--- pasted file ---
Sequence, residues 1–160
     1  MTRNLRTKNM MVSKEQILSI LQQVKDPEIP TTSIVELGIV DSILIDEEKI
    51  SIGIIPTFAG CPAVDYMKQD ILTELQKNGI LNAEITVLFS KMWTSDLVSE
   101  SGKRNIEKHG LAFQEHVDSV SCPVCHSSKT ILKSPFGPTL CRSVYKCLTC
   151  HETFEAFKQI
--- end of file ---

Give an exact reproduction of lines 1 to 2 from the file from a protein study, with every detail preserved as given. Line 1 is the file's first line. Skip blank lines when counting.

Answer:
Sequence, residues 1–160
     1  MTRNLRTKNM MVSKEQILSI LQQVKDPEIP TTSIVELGIV DSILIDEEKI